Backpacking Peru: The Ultimate Guide 2019
With its towering peaks, exotic jungles, beautiful beaches, delicious food, ancient ruins and thousands of years of history and culture, Peru is a diverse country with new things to discover in every corner. Here is a guide to Backpacking Peru with a tight budget and still getting the most out of your money, enjoying the best Peru has to offer.
Hostels in Peru are exceedingly cheap, and can go for as little as S/. 20 (6.10 USD) a night, though typically, they’ll be closer to S/. 30 (9.15 USD), and will usually have hot water, wifi and some sort of kitchen for cooking food, as well as a nice breakfast for an extra fee.
It should be noted that in any major city you’ll find hundreds of small “Hostals” in every part of town, especially near commercial areas, often charging as little as S/. 10 – 20. These are not the same as Backpacker’s hostels. “Hostals” cater to young lovers looking to spend the night together. While most are perfectly safe, they are often a bit dirty, only offer 6 hours of stay, and have no extra services.
For the more laid back and quiet sort not looking for a party place, Flying Dog has locations in Lima, Cusco, Arequipa, Urubamba, and the jungle city of Iquitos. Flying Dog prides itself on offering spacious, relaxing spaces and quiet accommodation.
In Puno, the jumping off point for visiting the wonders of lake Titicaca or taking an excursion into Bolivia, Iguana hostel is popular for its cleanliness and extremely helpful and friendly staff.
In smaller towns, hostels can be harder to find, but family run “hospedajes” offer an excellent alternative for the budget traveller, especially if you can manage enough spanish for basic communication. Several hostels along Peru Hop’s route offer special deals and discounts to our riders.
Peru is rightly famous for and proud of it’s amazing cuisine, and is known as the kitchen of Latin America. Fortunately for backpackers, the food of Peru is also very affordable.
One excellent option for a substantial and delicious lunch is finding a place that offers a “Menú”. A “menú” is a set of options for an appetizer and a main course that changes day to day, and usually comes with either chicha or juice. A menú usually runs for S/. 9-15 (3-5 USD).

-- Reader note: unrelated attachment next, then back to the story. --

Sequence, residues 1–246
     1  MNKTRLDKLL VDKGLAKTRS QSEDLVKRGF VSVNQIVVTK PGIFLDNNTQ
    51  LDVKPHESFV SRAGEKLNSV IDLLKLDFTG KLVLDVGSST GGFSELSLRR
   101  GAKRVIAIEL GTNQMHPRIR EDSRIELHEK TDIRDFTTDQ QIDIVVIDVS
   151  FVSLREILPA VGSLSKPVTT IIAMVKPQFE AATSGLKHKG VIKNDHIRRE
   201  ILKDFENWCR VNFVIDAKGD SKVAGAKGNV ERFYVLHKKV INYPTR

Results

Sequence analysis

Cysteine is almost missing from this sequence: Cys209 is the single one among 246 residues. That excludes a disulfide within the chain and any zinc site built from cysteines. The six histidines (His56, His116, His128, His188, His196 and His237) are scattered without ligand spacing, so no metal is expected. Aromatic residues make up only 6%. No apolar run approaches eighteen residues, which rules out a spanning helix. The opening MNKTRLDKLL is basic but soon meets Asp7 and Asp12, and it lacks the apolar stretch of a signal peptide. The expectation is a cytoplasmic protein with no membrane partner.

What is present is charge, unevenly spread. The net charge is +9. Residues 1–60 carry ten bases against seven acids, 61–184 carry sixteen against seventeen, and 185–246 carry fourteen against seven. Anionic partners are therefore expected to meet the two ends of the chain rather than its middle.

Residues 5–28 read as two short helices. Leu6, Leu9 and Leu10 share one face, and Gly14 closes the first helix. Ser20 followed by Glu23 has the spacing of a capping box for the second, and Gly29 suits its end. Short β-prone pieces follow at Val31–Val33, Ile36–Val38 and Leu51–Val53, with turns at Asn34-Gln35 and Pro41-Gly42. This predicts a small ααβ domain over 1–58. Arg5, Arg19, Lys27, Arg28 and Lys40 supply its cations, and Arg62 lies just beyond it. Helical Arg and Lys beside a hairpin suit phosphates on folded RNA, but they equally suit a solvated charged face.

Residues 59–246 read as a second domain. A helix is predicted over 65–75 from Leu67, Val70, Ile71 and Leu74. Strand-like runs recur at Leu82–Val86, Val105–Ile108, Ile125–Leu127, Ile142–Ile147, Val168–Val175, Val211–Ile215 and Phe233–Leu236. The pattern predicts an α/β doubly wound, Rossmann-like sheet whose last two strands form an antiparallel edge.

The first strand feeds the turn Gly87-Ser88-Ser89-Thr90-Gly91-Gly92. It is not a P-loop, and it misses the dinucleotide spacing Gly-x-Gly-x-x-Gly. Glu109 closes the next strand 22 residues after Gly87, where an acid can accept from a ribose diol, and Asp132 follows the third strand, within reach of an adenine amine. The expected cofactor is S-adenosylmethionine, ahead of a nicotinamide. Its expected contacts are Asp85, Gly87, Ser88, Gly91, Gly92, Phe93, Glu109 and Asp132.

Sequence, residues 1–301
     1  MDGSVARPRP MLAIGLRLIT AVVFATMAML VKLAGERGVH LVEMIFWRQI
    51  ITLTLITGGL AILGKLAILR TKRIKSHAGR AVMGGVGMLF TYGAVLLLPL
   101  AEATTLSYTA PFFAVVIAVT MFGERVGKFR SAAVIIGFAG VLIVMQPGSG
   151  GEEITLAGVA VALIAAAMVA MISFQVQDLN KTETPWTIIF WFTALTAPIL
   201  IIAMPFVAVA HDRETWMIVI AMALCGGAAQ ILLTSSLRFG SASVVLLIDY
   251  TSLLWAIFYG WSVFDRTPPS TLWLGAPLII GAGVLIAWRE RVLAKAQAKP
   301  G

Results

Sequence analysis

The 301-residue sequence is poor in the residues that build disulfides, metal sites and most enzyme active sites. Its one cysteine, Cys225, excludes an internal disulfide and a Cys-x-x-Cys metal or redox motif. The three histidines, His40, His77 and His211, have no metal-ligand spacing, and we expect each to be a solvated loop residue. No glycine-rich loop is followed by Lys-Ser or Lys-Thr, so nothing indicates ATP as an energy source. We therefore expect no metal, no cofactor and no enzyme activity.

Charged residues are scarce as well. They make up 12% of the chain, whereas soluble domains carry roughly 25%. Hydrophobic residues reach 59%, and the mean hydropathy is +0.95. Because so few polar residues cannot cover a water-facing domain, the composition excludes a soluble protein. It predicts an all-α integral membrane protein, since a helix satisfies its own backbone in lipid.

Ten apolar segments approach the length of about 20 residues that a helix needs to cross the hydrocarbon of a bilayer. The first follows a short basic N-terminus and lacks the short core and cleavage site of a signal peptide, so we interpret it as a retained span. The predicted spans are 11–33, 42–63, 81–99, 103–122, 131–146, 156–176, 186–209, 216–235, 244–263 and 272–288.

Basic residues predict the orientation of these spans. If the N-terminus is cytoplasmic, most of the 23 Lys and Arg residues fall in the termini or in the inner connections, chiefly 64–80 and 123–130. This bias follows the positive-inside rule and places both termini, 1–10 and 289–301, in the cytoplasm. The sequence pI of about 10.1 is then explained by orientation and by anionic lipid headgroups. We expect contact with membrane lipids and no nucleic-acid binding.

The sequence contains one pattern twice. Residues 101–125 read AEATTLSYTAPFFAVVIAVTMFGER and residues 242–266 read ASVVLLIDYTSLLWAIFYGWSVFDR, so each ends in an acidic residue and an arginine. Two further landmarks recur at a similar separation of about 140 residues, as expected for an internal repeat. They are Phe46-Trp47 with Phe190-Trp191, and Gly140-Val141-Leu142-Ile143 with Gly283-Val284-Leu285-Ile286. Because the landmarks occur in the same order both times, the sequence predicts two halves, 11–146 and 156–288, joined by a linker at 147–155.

An option for the more daring are the various food carts that are ubiquitous on street corners, and rarely charge more than 5 soles for a drink and snack. A very common breakfast from a food cart is a roll and a cup of “kuaker” -oatmeal made peruvian style, which is thinner and more watery than usual and consumed by drinking rather than eating with a spoon- for 2 soles. If you ask for “yapa” you can usually get a free refill of kuaker.
Another food cart favorite, especially in Lima, is Papa Rellena, a mashed potato stuffed with meat and fried to be crispy on the outside and soft on the inside.
Most hostels include a kitchen useable by guests, so if you have a knack for cooking or are willing to learn, you can save a lot of money by buying fresh ingredients at a local market and preparing your own food. If you’re the generous type, this is an excellent way to make friends with other backpackers as well.
The most common way for Peruvians to get around their cities are either by taxi or crowded “Combi” minibuses. Though you can get nearly anywhere in town by combi, the system is chaotic and takes a bit of getting used to. For a travel in larger cities, download the free “Tu Ruta” app, which shows routes, approximate arrival times, the best stop to get off at, and a picture of the bus you need to take. Combis can also be a bit crowded at times, but once you get the hang of the system they’re a great way to get around town and very cheap.
The best way to travel through southern Peru, where most of the attractions are, is by Peru Hop’s hop on, hop off service from Lima to Cusco and back, with many fascinating stops along the way. One ticket lets you get off at any of the stops you like, and spend as much time as you please before hopping on the next bus continuing on your journey.
A careful backpacker can easily get by on $25-30 a day, but it’s always smart to bring some extra for emergencies or last minute changes of plans. Sites such as FindLocalTrips are an excellent way to find attractions and tours throughout Latin America on a budget while avoiding unscrupulous tourism companies that exploit the local Peruvians. If you speak a bit of Spanish you’ll save money at markets and such as well, since you’ll be able to haggle with the sellers.
Hostels.com and Booking.com are good resources for finding hostels in an area, but they are sometimes missing towns and outdated, so cross reference with sites like Tripadvisor.com to make sure you’re getting the best deal available. Couchsurfing is also beginning to take off in Peru, and can make an excellent alternative to more traditional accommodations, as long as you take the usual precautions mentioned on the website.
Peru is a wonderland for backpackers, and if you follow these tips and do your research before you go, you’re guaranteed to have an amazing time for far less money than you would spend in Europe or North America.